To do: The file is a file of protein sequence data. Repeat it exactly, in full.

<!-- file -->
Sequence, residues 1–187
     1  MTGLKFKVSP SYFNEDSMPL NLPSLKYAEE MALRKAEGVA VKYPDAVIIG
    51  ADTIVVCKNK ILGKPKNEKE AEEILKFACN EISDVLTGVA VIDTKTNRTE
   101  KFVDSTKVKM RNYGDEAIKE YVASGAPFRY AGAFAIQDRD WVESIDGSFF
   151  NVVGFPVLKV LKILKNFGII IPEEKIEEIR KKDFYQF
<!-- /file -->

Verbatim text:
Sequence, residues 1–187
     1  MTGLKFKVSP SYFNEDSMPL NLPSLKYAEE MALRKAEGVA VKYPDAVIIG
    51  ADTIVVCKNK ILGKPKNEKE AEEILKFACN EISDVLTGVA VIDTKTNRTE
   101  KFVDSTKVKM RNYGDEAIKE YVASGAPFRY AGAFAIQDRD WVESIDGSFF
   151  NVVGFPVLKV LKILKNFGII IPEEKIEEIR KKDFYQF